Armies can be ordered to take offensive or defensive stance. When offensive, the units will engage enemy units, siege enemy forts and reinforce battles that take place within their range, or the range of their parent army, if they are within range of the army commander. Offensive units will encamp when movement is finished, but will not start to dig in to allow quick reaction to further movement orders. When encamped, units will be resupplied, and the men can rest. If encamped during the winter, the army will go to winter quarters, which will protect them from the cold, but will increase order delays. Defensive units will not engage enemies within range, but will instead stop and dig in. If two opposing defensive units meet, they will both entrench and the end result could be Petersburg kind of trench warfare stalemate situation. Offensive and defensive orders will allow you to block terrain and enemy movements, create reserves, and so on, with ease.

Cavalry during the Civil War was a versatile branch of arms, with the effects taking place also outside field battles. For this reason player can order the way he wants his cavalry to act within his armies. During the early war, guarding was the most usual task. The cavalry would patrol the close proximity of the armies, secure lines of communications and be deployed as a screen behind the main line to stop stragglers and deserters. In this role the cavalry units will not fight in the battles, but on campaign game-play, the readiness and security of the army is improved, and desertion lower. When raiding, the cavalry will attack enemy infrastructure, skirmish with enemy units, and forage the countryside. This allows burning down the Shenandoah Valley, and similar operations, which will also hurt the support of the civilian population. The third special order for cavalry is to scout. Scouting cavalry will improve readiness and intelligence gathering of the army immensely, will skirmish with enemies within range, but will not appear in battles, except in case of a cavalry corps. If on a scouting mission, a cavalry corps will join field battles, but could arrive a bit late due to the need to concentrate beforehand. Think Stuart at Gettysburg. With no special orders, the cavalry will fight in field battles with the rest of the army.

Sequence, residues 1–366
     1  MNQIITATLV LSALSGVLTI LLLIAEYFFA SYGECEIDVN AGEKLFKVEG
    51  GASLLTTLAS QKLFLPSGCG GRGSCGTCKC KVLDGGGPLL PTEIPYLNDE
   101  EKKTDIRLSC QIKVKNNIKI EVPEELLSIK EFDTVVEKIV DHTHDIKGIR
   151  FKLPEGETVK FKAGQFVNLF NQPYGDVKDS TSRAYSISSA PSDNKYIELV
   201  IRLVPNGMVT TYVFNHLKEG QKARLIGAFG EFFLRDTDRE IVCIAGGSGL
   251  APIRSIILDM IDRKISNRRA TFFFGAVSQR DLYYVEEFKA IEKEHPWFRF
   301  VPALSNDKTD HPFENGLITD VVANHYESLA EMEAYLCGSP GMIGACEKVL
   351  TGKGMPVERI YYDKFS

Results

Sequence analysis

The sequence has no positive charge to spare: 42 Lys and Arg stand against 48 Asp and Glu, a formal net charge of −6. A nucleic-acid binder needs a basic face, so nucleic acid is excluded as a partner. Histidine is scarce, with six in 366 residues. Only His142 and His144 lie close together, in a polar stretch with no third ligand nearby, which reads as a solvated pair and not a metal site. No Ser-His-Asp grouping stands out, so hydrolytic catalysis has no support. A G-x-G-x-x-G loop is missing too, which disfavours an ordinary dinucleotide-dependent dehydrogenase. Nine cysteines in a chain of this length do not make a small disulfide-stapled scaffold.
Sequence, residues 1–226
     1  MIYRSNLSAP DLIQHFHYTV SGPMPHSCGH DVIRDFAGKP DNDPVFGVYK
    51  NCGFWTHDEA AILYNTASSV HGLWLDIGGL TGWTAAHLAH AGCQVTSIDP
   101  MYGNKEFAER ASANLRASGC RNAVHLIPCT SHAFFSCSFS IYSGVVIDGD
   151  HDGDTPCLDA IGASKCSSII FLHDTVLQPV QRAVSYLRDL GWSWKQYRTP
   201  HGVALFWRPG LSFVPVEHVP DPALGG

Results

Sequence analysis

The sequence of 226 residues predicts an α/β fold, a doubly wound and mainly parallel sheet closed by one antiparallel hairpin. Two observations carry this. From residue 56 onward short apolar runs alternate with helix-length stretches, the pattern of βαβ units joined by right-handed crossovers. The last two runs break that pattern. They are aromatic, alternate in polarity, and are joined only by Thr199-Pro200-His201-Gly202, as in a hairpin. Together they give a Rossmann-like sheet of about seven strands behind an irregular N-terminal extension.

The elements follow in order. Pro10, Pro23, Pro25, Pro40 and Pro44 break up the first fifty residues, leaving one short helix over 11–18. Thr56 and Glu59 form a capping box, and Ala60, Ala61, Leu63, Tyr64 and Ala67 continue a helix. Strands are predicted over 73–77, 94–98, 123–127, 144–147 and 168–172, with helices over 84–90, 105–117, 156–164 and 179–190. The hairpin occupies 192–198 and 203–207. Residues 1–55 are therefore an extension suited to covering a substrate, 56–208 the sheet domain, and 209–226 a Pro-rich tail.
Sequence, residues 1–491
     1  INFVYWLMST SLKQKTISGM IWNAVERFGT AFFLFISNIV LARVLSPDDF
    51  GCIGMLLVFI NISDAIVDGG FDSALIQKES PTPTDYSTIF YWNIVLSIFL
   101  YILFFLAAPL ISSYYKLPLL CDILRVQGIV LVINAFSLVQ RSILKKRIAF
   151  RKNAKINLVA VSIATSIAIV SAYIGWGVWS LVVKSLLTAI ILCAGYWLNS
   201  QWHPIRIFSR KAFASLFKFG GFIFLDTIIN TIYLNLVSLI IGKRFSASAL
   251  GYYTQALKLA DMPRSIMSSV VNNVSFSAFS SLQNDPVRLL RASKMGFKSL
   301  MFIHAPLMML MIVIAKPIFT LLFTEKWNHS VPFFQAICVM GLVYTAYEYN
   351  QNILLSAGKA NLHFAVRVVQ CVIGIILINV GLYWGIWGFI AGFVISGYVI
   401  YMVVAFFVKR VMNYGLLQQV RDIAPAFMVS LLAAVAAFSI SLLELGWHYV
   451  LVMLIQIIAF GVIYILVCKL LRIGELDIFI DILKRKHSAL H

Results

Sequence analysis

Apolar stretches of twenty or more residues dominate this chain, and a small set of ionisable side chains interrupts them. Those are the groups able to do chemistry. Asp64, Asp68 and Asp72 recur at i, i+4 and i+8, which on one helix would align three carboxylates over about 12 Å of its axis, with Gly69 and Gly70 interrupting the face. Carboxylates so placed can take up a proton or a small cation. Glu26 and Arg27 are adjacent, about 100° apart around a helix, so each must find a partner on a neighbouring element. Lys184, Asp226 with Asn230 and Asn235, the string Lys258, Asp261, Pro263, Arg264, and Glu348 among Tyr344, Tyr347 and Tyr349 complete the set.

Any Signs of the Enemy, Sir?

While the above orders allow flexibility in your use of the armies and planning of operations, one problem you have is the information about your enemy. Many times during the Civil War, the information about enemy movements was quite vague. While it probably was known if an enemy army was on the move, the exact location and status was not. And this made operations tricky.

To simulate this effect, we have created a different kind of fog-of-war mechanic for our campaign map – we call it the intelligence map. In battles, you basically see the enemy units when your units spot them in the terrain. On the campaign map the same is true, but information about unspotted enemies will also be available. This information is gathered via spies, scouts, local loyal population and from the local news – even those of the enemy. The less sources of information you have from an area, the less accurate the intelligence from there will be.

We simulate this intelligence by showing approximate information about the enemy, hidden in the fog-of-war: for example you may learn that Jackson’s Corps was sighted near a town three days ago. Most likely the corps has since then moved on… but where to? When intelligence about the same unit pops up from elsewhere, you are able to track the approximate movement of the enemy. But there are a couple of twists there: depending on the cunning of the commander in question, the intel delay is further increased. Also the number of men within the army will be just an estimate. And depending on your commanders, they may interpret and assess the received intelligence with errors. So, with this mechanic, it will be possible that the 500,000 rebels reported by McClellan being dug in around Richmond could actually be quite a lot less in numbers, and maybe attacking the right flank as we speak!

To help the player to understand what kind of intelligence to expect and from where, we’ve added an information layer on the campaign map. With this layer we can easily visualize on the map the intelligence coverage. With the same system we are able to show a lot of other information later on, like the dynamic front lines (depending on positions of armies, ownership of towns, etc.), population density, support, and so on.

Most Respy,

Gen’l. Ilja Varha,
Chief Designer, &c.